Amendment, 26 SW. L. REV. 201 (1997); Wesley J. Campbell, Speech-Facilitating Conduct, 68 STAN.
L. REV. 1 (2016); Joshua P. Davis & Joshua D. Rosenberg, The Inherent Structure of Free Speech Law,
19 WM. & MARY BILL RTS. J. 131 (2010); David S. Day, The Incidental Regulation of Free Speech, 42
U. MIAMI L. REV. 491 (1988); Daniel A. Farber, Conte nt Regulation and the First Amendment: A
Revisionist View, 68 GEO. L.J. 727 (1980); Alan E. Garfield, The Mischief of Cohen v. Cowles Media
Co., 35 GA. L. REV. 1087 (2001); Raleigh E. Hansman, Doctrinal Development or Devolution?: An
Examination of the Incidental Regulation Test from Texas v. Johnson Through Holder v. Hu manitari an
Law Project, 57 SAN DIEGO L. REV. 122 (2012); Elena Kagan, Private Speech, Public Purpose: The
Role of Governmental Motive in First Amendment Doctrine, 63 U. CHI. L. REV. 413 (1996); Wendy K.
Olin, Constitutional Survival Camp: What are the Chances that the General Applicability Test Will Make
It?, 68 S. CAL. L. REV. 1029 (1995); Robert Post, Recuperating First Amendment Doctrine, 47 STAN. L.
REV. 1249 (1995); Jed Rubenfeld, The First Amendments Purpose, 53 STAN. L. REV. 767 (2001);
Frederick Schauer, Categories and the First Amendment: A Play in Three Acts, 34 VAND. L. REV. 265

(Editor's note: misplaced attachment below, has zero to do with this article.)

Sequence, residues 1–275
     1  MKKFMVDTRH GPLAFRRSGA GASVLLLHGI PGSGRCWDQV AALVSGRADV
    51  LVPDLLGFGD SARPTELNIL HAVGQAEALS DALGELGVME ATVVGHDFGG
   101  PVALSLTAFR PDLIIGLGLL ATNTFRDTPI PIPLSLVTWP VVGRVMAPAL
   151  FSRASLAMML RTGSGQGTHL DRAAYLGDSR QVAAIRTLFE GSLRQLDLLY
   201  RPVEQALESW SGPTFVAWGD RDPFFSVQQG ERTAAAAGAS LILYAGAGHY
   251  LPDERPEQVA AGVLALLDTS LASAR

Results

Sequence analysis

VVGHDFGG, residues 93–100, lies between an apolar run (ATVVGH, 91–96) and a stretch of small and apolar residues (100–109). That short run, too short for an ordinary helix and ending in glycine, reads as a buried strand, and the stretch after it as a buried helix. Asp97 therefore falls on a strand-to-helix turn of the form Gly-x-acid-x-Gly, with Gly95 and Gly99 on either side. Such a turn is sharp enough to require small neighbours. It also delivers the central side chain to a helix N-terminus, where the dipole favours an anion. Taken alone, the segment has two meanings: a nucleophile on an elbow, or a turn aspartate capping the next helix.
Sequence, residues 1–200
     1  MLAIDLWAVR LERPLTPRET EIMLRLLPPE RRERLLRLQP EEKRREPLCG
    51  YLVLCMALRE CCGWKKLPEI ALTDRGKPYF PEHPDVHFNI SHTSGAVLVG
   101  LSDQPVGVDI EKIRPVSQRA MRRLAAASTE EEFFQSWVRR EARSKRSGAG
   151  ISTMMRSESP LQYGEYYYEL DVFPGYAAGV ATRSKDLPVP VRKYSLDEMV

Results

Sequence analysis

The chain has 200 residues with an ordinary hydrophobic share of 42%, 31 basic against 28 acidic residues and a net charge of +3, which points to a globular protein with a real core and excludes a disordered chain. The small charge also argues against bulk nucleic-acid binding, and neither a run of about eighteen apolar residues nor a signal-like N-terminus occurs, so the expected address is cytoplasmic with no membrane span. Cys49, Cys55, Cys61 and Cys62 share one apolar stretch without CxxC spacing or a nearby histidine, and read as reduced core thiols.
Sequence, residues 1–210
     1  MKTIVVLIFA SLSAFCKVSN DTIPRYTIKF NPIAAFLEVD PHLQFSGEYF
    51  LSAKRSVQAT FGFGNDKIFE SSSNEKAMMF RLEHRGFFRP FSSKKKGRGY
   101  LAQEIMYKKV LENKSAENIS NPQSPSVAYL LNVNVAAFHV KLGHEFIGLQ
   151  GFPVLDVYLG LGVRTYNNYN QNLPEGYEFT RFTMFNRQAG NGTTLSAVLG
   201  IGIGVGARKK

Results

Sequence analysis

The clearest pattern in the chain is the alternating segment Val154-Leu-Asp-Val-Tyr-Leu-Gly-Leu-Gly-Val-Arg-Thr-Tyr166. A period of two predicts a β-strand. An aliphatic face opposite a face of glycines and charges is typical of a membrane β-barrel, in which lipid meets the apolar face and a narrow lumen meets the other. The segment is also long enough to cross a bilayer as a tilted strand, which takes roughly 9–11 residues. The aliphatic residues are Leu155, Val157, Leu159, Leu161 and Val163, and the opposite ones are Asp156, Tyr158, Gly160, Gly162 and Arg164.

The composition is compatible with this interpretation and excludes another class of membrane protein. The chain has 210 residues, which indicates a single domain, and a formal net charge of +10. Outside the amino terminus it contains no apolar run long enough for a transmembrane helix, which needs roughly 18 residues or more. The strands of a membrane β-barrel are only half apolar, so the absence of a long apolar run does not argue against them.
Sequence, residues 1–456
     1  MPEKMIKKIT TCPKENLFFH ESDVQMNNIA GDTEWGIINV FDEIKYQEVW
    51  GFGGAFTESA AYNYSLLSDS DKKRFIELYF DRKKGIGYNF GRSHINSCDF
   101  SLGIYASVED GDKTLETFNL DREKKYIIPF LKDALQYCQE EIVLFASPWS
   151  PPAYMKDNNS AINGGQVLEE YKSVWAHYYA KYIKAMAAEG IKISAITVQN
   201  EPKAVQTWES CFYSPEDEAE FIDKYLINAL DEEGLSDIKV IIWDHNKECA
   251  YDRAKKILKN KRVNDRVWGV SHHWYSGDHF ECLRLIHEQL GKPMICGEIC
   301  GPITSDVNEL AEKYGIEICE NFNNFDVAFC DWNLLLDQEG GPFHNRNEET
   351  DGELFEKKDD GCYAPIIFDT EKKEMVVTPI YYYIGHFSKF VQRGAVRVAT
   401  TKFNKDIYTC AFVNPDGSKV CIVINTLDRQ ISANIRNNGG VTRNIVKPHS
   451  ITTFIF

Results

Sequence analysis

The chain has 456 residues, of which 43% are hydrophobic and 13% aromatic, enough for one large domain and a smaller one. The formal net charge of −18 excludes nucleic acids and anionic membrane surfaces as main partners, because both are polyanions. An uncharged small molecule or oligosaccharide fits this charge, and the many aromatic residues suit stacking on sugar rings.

(1981) [hereinafter Schauer, Categories]; Frederick Schauer, Cuban Cigars, Cub an Books, and the
Problem of Incidental Restrictions on Communications, 26 WM. & MARY L. REV. 779 (1985) [hereinafter
Schauer, Cuban Cigars]; Jeffrey M. Shaman, Rules of General Applicability, 10 FIRST AMEND. L. REV.
419 (2012); Srikanth Srinivasan, Incidental Restrictions of Speech and the First Amendment: A Motive-
Based Rationalization of the Supreme Courts Jurisprudence, 12 CONST. COMMENT. 401 (1995);
Geoffrey R. Stone, Content-Neutral Restrictions, 54 U. CHI. L. REV. 46 (1987) [hereinafter Stone,
Content-Neutral Restrictions]; Geoffrey R. Stone, Free Speech in the Twenty-First Century: Ten Lesso ns
from the Twentieth Century, 36 PEPP. L. REV. 273 (2009) [hereinafter Stone, Free Speech]; Eugene
Volokh, Freedom of Speech and Workplace Harassment, 39 UCLA L. REV. 1791 (1992) [hereinafter
Volokh, Workplace Harassment]; Eugene Volokh, Speech as Conduct: Generally Applicable Laws, Illegal
Courses of Conduct, “Situation-Altering Utterances,” and the Uncharted Zones, 90 CORNELL L. REV. 1277
(2005) [hereinafter Volokh, Speech as Conduct]; Keith Werhan, The O’Briening of Free Speech
Methodology, 19 ARIZ. ST. L.J. 635 (1987); Susan H. Williams, Content Discrimination and the First
Amendment, 139 U. PA. L. REV. 615 (1991); Note, Neutral Rules of General Applicability: Incidental